CER RESPONSE TO POINT 3. There is nothing scientific or evidentiary about the points in this argument. Presuming that highly reputable charters are more likely to hold a lottery than weaker or newer schools is not only presumptuous, but it ignores the legal requirements set forth in states and as a consideration of federal funding. Charter schools that have more applicants than seats are required to have a lottery. As such schools fill up, students who are selected by lottery have preference year after year. Most charters then have lotteries only for certain numbers of seats that are available in certain grades year after year. Some schools may not have a lottery for years after they have been open and operating because they are oversubscribed. That doesn’t mean that the students attending those schools are not able to be part of a trial because they have self-selected as they began in that school by lottery and subsequently chose to stay in that school. That is no different a condition than students who attend their neighborhood public school who choose to stay year after year because they either have no choice, were denied from a charter lottery, they are satisfied, they have no knowledge of other choices or any number of scenarios. In other words, once a charter school lottery occurs, the students who “settle” in each of the schools being studied are comparable.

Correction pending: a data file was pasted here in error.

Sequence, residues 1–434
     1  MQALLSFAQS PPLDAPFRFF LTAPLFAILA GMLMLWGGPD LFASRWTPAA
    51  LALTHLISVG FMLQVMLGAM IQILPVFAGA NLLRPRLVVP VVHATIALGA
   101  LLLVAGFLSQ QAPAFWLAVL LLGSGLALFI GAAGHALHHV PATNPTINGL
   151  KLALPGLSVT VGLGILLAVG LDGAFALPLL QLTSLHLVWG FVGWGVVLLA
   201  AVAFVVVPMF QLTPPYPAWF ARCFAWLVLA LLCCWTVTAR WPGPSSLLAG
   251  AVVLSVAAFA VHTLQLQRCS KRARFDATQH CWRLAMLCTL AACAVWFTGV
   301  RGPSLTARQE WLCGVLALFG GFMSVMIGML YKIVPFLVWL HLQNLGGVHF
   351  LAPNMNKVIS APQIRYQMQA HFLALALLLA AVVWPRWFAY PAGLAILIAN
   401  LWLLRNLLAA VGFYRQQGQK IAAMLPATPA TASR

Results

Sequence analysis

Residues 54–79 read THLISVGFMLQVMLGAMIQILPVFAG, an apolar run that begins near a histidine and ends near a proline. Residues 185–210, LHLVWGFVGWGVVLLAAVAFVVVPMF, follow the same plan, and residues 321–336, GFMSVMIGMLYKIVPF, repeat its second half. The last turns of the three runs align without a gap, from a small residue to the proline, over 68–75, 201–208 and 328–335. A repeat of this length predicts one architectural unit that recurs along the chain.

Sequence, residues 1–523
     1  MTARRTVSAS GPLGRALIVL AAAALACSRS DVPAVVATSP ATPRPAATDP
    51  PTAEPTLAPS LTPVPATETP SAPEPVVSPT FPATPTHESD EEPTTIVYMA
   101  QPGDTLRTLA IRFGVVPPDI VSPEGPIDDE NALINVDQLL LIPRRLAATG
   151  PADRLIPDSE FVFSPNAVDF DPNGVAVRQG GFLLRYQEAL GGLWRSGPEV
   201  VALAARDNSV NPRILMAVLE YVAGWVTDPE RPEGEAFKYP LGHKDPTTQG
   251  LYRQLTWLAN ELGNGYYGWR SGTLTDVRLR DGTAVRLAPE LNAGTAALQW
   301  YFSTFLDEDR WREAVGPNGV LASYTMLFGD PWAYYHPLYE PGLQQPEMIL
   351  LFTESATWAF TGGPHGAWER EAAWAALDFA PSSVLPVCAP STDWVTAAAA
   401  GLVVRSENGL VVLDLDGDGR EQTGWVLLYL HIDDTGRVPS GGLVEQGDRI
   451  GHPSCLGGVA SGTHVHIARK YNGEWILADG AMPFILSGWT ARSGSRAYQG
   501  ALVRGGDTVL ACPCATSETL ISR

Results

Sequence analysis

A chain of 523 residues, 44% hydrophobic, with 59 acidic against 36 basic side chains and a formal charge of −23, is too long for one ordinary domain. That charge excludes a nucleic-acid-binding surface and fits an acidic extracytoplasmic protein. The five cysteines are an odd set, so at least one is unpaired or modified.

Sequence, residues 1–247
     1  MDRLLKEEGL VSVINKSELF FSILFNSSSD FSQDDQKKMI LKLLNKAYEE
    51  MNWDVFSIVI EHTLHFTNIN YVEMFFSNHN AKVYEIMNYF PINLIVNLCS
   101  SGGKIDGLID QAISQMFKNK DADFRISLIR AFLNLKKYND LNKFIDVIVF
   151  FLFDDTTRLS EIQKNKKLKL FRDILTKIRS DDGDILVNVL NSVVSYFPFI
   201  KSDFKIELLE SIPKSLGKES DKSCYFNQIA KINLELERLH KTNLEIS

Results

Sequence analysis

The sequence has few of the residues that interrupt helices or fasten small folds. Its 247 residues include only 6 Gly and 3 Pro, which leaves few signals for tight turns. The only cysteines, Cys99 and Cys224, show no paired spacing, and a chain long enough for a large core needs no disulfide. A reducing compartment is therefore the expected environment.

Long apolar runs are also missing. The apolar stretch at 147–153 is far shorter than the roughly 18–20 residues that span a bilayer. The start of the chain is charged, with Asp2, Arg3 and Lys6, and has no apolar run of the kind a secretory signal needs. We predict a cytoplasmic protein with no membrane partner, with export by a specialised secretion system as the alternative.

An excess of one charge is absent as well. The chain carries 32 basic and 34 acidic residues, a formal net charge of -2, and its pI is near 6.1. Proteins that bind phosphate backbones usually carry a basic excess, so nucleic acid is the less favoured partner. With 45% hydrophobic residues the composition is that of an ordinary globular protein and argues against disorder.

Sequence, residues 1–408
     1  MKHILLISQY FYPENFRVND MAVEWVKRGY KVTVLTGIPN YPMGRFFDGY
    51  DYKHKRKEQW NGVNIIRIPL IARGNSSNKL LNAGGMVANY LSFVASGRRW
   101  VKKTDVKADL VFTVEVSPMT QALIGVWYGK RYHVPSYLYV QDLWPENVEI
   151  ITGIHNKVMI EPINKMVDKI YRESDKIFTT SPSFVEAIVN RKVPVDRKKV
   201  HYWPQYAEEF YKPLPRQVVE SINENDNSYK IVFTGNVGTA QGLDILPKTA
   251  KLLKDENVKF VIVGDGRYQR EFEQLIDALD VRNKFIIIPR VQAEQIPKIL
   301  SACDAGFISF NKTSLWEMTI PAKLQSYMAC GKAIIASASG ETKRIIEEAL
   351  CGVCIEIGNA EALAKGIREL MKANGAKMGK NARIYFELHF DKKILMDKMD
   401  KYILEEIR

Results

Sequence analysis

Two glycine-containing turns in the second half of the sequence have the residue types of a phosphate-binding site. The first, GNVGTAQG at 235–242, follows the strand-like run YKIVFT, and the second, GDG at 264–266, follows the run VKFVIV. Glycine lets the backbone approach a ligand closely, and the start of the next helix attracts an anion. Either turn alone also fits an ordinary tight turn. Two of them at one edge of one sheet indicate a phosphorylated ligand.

Federal law defines a charter by virtue of lotteries: NCLB, Title V, Part B: Charter Schools. Section 5210: “The term ‘charter school’ means a public school that . . . (f) does not charge tuition, and ;. . . (h) admits students on the basis of a lottery if more children apply for admission than can be accommodated.”

The presumption by CREDO that charters near low-performing traditional public schools are more likely to hold lotteries again ignores requirements of law and has no basis in fact. Whether or not a state or community has many or limited choice options, every school community has different circumstances dictating how parents may view their local options. From NYC to Boston to rural Colorado, charters are having lotteries when they are new to fill seats unless they do not have enough enrollment, and if they do not have enough enrollment, experience tells us that that whatever that school offers is not sufficient in the eyes of parents in that community, or the school was compromised by local political battles or procedural delays in getting approved. There are also several other possibilities that exist for undersubscribed charters that do not have lotteries, but to attribute one possible cause relating to quality options demonstrates ignorance of the landscape CREDO is purporting to study.